//Attainable sustainability

Attainable sustainability

From endangered endemic species to deforestation of the world’s largest rainforest, Latin America is at the forefront of the global struggle to forge a sustainable approach to tourism development. With the United Nations World Tourism Organisation (UNWTO) forecasting a rise in international travellers to the region from 674 million in 2000 to 1.8 billion by 2030, never has the need to develop a sustainable approach to regional tourism growth been more pressing.

Cooperation is key

As secretary-general Taleb Rifai noted when he launched UNWTO’s sustainable tourism awareness raising campaign ‘Travel.Enjoy.Respect’ last year, a major factor behind the success of any major sustainable project is to adopt a joined-up approach from the outset, engaging everyone from national and local governments to private-sector companies, local communities and tourists. One good example of this approach is the Mesoamerican Biological Corridor (MBC ) project, which began in the 1990s.

The MBC has seen the governments of the eight Central American countries — Mexico, Costa Rica, Nicaragua, El Salvador, Guatemala, Honduras, Belize, and Panama — unite in a common sustainable goal: the creation of a free-movement corridor for wildlife across the region. This area was then broken down into four parts, from multiple-use zones to core zones, where animals take priority over humans. All eight countries are also members of the Central American System of Protected Areas (SICAP).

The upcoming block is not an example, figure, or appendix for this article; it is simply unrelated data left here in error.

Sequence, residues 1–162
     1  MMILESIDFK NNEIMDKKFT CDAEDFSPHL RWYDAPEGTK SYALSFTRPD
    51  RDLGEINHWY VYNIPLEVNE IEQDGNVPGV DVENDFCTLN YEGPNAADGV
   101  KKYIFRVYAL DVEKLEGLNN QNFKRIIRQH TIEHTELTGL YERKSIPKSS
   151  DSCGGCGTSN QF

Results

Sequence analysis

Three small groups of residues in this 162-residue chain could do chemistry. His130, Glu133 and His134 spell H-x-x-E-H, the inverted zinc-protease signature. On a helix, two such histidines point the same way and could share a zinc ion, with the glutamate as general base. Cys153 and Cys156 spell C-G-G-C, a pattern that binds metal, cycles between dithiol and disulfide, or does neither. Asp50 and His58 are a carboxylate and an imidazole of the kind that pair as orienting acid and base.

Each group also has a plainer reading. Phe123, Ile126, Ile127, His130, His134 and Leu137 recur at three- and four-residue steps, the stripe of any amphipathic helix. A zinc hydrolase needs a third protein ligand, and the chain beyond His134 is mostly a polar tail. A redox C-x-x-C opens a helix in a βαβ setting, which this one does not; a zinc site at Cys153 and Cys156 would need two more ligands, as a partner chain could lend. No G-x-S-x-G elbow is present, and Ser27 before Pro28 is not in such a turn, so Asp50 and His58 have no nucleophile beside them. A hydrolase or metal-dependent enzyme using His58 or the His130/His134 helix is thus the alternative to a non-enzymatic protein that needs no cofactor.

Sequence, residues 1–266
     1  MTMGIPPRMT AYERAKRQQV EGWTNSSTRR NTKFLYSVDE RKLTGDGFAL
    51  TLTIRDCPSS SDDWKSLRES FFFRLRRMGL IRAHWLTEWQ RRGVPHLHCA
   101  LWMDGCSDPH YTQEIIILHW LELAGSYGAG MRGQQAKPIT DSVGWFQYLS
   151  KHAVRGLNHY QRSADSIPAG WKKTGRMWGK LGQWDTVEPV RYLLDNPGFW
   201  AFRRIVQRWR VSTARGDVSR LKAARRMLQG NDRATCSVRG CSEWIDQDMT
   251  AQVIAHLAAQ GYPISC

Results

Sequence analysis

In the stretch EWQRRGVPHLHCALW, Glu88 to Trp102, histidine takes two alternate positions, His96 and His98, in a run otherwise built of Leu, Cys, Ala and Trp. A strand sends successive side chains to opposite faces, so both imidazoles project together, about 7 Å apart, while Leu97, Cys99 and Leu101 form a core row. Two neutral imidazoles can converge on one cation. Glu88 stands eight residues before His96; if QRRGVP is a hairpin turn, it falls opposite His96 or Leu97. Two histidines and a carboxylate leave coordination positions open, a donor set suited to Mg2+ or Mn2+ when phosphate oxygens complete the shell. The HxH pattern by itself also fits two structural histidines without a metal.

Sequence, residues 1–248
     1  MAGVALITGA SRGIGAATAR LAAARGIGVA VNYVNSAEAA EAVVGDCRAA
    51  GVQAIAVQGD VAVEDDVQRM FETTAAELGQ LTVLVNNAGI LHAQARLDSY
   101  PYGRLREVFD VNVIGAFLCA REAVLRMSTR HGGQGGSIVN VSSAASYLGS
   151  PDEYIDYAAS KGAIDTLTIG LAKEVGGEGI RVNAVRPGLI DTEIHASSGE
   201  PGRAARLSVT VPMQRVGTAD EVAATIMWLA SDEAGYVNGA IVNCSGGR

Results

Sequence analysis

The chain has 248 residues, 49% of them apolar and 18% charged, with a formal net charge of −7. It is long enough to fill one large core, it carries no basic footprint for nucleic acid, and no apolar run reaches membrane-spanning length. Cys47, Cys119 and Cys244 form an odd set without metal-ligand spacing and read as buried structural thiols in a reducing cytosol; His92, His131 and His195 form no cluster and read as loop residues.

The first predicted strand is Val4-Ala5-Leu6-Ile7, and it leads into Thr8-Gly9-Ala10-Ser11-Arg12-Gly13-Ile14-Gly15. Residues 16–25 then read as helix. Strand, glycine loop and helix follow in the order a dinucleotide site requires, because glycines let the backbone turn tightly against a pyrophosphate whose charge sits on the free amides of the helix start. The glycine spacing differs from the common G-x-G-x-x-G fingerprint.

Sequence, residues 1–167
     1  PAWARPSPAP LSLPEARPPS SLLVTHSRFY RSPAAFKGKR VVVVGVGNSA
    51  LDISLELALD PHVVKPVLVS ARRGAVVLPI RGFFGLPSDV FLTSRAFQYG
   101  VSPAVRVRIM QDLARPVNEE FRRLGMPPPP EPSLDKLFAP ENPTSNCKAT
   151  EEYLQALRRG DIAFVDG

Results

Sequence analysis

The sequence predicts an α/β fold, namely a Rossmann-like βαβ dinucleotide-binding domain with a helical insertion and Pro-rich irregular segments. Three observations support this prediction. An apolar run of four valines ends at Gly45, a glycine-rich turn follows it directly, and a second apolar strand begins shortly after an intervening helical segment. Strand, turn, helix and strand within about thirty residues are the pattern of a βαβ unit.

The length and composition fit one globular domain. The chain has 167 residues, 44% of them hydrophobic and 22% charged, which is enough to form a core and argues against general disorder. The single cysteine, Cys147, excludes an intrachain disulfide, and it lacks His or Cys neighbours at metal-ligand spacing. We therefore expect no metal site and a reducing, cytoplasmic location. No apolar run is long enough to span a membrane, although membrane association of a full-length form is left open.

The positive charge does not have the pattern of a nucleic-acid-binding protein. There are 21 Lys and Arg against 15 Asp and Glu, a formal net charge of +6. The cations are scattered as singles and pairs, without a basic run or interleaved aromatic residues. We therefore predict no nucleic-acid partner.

Meanwhile, frameworks such as the UN’s REDD+ aim to increase projects’ chances of success by engaging local communities. Examples of local REDD+ programmes, which aim to reduce emissions from deforestation and forest degradation, include a major project in the Alto Mayo of northern Peru being overseen by Conservation International. This project intends to conserve a protected area of 182,000 hectares which, despite its status, has suffered mass deforestation. The organisation engages local communities and rewards them for helping to protect the forested area to stem the decline, by providing funding, supplies and training.

Peru is particularly close to the heart of LATA treasurer Quinn Meyer, founder and director of the Peruvian-based Crees Foundation, a not-for-profit organisation dedicated to supporting a sustainable Amazon. LATA chairman Colin Stewart also praised the country’s efforts to combat deforestation. Last year saw Peru’s Ministry of Culture take positive steps to combat overtourism at its most popular site, Machu Picchu, by introducing a more restrictive entrance policy.

Another key battleground is Brazil. Here, major initiatives such as the Amazonia Sustainable Landscapes Project support the government’s commitment to reaching its Paris Agreement target of reforesting 12 million hectares of land by 2030.

LATA is also playing its part in giving back to local communities touched by tourism. Last year its charity, the LATA Foundation, donated £50,000 to 13 social and environmental initiatives in the region, such as The Condor Trust, which helps low-income Ecuadorians access secondary and higher education. Currently LATA is developing its new LATA Sustainability Charter, which it will ask its members to work towards.